- China’s sugar arrivals in first half 2023 are low.
- Chinese refiners have begun to buy amid the No.11 correction.
- China may not have to fully use its AIL allocation in 2023.
China is one of the largest sugar buyers in the world, importing 6m tonnes to fill its production shortfall.
It’s no news that China delayed its raws demand in 2023 due to skyrocketing sugar prices. With a sharp and rapid No.11 price correction, have they begun to fill their pockets with sugar?
Zero Raws Imports in May
In May, China customs reported zero tonnes of raw sugar were imported, same as March’23. This confirms that in 2023 China made almost no new purchases.
The Q1 imports were purchased and shipped in 2022.
Source: Czapp, China Customs
Q3 arrivals are also expected to fall far short of the levels seen in the past four years.
After five months of waiting, we finally saw two vessels bound for China in June. The arrival in China may be in September with 45 days of shipping and customs clearance.
Has China Acted Amid No.11 Correction?
As Chinese raws demand is so low, some quota buyers rushed to make purchases when No.11 retracted near 24c in early June. Quota sugar pays 15% import duty.
But that is just quota demand. After that it was quiet again until the rapid decline, attracting some Chinese quota and out of quota (AIL) demand again. Out of quota sugar pays 50% import duty.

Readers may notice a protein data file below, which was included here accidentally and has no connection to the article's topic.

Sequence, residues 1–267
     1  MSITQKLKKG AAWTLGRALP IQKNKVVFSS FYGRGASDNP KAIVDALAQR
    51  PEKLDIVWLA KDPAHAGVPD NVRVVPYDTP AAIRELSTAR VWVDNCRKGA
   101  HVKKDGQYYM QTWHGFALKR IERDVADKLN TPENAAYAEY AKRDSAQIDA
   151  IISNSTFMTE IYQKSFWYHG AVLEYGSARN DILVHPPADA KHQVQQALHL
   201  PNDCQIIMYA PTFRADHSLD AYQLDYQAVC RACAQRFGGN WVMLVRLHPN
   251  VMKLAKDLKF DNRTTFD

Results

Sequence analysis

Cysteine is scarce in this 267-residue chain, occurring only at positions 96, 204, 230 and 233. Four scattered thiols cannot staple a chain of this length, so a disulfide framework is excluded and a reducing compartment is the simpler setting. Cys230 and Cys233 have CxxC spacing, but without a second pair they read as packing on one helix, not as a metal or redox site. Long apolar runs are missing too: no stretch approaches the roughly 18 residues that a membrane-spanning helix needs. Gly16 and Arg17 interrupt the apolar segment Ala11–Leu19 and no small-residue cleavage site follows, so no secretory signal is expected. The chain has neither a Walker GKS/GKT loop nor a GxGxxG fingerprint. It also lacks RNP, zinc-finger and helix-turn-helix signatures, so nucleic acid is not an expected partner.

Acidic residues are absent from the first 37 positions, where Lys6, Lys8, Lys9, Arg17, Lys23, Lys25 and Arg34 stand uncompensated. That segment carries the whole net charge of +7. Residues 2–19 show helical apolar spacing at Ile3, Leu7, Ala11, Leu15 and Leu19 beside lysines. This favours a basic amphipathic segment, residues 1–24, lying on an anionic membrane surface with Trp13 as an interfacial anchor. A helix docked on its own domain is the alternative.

Today’s AIL breakeven level is 19.60c, or 20.50c/lb taking a 500 yuan/mt sales premium into consideration. Unless the market gets this low, we are unlikely to see a full release of 3.3 million tonnes of AILs demand.
The silver lining is that import margins are starting to improve, as compared to a low of -$234 / tonne in mid-May, import margins today have improved to -$114 / tonne.
As mentioned above, imports may not be high until end of Q3. Therefore, the domestic supply is tight, which is conducive to the improvement of import margins, thus stimulating new supply.
It would have been better had it not been for the yuan devaluation. Yuan has depreciated by as much as 8% this year. That makes imports more expensive.
2023 AILs Allowed to Be Idle?
Another reason Chinese sugar refiners can be more patient may be because they don’t have to fully use AILs this year.
Refiners have made several requests to the Ministry of Commerce, and the following picture may be a fair point. For nearly two years, import margins have struggled in the negative zone.
Finally, for China’s raw sugar demand in 2023, we can see a significant decline from 5.5m tonnes in 2020 to 3.7m tonnes. However, there are still variables.
- Will there be additional imports for the rotation of sugar reserves?
- Could import margins improved enough to enable more AIL demand?